There is increasing evidence that chemical pollution in coastal areas near urban centers may be responsible for a variety of deleterious biological effects in aquatic species, from liver tumors and reproductive dysfunction (infertility, spawning failure) in bottomfish that reside on contaminated sediments (Varanasi et al. 1992a) and altered immune function in juvenile salmon after only a brief residency in waters of polluted estuaries (Arkoosh et al. 1991) to reproductive dysfunction in marine mammals (DeLong et al. 1973, Duinker et al. 1979, Reijnders 1986). In Puget Sound, sediments in several urban and industrialized bays have elevated concentrations of anthropogenic chemicals (Krahn et al. 1986). Several field and laboratory studies have provided considerable evidence that anthropogenic compounds present in contaminated sediments are probable causative agents for hepatic tumors, related lesions, and reproductive dysfunction (Myers et al. 1987, Johnson et al. 1989, Casillas et al. 1991). Thus, the stranding of a gray whale near Port Angeles, Washington, on the Strait of Juan de Fuca in 1984 heightened public concern that chemical contaminants in sediments may have been responsible for its death. Chemical analyses, conducted in our laboratory, of tissues (liver, blubber, kidney, brain) and stomach contents of this whale revealed that the concentrations of chlorinated hydrocarbons (CHs) such as polychlorinated biphenyls (PCBs), 1,1,1-trichloro-2,2-bis (p-chlorophenyl) ethanes (DDTs), and a number of toxic elements (e.g., mercury and lead) were at levels well below toxicological concern and also well below the concentrations reported in most cetaceans and pinnipeds (Wagemann and Muir 1984). The only exception was that the concentrations of aluminum were relatively high in both the liver and brain of this gray whale. It was not possible, however, to compare the results with published values. There is little information on a broad spectrum of contaminants in gray whale tissues. Wolman and Wilson (1970) reported the presence of DDT and its metabolites in 6 of 23 gray whales taken off of San Francisco, California, during their northern and southern migrations. The concentrations of DDTs, 1,1-dichloro-2,2-bis (p-chlorophenyl) ethanes (DDDs), and 1,1-dichloro-2,2-bis (p-chlorophenyl) ethenes (DDEs) in blubber of these whales ranged from 22 to 360 ng/g wet weight, whereas it was reported that liver did not contain any of these chlorinated pesticides. Schaffer et al. (1984) reported concentrations of DDTs of 470 ng/g wet weight in blubber of a gray whale sampled in southern California in 1976. Total PCBs were not detected in the blubber (<230 ng/g wet weight).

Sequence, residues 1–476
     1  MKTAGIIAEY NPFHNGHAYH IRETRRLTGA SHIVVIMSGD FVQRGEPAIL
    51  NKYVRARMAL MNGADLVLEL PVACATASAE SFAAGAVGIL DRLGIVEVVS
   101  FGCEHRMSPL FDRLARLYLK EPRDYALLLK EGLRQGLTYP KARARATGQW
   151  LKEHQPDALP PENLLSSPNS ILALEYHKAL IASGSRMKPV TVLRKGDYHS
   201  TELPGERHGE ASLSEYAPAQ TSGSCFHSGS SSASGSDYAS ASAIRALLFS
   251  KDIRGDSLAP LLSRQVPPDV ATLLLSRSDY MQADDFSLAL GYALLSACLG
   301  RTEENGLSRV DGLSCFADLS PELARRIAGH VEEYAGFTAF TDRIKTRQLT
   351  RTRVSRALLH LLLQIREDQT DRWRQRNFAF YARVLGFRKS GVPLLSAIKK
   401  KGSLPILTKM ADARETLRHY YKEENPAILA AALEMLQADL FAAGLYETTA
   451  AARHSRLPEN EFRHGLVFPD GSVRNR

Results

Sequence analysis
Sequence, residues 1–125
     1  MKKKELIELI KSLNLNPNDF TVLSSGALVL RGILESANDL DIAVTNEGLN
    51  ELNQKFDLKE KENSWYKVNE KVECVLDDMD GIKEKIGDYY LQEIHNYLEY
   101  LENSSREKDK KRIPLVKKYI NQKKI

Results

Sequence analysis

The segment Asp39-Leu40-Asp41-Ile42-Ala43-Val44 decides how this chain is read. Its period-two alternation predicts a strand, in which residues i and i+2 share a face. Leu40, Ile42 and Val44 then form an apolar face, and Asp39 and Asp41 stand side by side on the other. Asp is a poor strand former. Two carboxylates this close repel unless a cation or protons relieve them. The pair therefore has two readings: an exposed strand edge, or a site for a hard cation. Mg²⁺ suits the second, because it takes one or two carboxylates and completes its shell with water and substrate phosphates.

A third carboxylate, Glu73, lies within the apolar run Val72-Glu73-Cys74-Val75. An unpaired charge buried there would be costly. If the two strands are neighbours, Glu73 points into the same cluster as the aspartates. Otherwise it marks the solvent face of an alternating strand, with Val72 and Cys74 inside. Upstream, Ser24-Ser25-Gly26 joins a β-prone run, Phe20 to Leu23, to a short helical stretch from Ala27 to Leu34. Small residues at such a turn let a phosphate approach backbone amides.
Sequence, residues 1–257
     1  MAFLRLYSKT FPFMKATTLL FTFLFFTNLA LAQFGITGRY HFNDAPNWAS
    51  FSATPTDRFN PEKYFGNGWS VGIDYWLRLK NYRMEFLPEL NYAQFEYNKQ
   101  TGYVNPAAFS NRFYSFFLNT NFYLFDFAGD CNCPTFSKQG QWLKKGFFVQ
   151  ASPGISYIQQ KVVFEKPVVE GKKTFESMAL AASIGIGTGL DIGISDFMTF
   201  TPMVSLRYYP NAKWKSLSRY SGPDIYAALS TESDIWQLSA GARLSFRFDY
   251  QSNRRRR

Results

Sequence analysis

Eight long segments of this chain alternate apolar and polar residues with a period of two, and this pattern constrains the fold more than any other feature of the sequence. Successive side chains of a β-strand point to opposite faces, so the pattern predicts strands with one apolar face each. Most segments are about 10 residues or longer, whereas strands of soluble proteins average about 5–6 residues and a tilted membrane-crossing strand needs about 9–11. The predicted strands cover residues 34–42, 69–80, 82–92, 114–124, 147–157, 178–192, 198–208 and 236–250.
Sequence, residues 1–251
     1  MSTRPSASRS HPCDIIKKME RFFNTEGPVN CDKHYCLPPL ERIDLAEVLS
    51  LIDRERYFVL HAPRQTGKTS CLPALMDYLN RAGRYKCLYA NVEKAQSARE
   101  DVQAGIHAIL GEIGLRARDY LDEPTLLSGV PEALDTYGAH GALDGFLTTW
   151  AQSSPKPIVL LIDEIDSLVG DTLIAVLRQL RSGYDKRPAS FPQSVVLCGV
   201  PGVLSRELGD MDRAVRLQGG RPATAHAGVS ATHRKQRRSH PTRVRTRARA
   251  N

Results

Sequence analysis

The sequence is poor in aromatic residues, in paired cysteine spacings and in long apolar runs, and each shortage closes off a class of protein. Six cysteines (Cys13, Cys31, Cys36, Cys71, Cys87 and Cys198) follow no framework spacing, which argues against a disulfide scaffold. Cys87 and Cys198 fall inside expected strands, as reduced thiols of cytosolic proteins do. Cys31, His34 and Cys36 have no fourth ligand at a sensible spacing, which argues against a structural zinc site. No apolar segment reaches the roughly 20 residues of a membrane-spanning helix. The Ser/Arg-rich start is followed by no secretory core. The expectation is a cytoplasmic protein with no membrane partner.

In recent years, a number of gray whales have stranded in Puget Sound, as noted above, raising, once again, the concern that chemical pollution may have played a role in their deaths. However, demonstrating a causal link between pollution and strandings of marine mammals is particularly difficult because of inherent problems of availability of a sufficient number of tissue samples from both healthy and stranded animals and the inability to conduct controlled laboratory studies with live animals, particularly the large marine mammals. In addition to these sampling and experimental difficulties, the lack of detailed information on the biology and migration patterns of gray whales makes it very difficult to make a definitive assessment of the role of chemical pollution in their mortality. Nevertheless, the stranding of marine mammals and the increased public and scientific awareness of the potential impact of anthropogenic chemicals make it imperative that this issue be evaluated using the best possible strategy and state-of-the-art methodologies.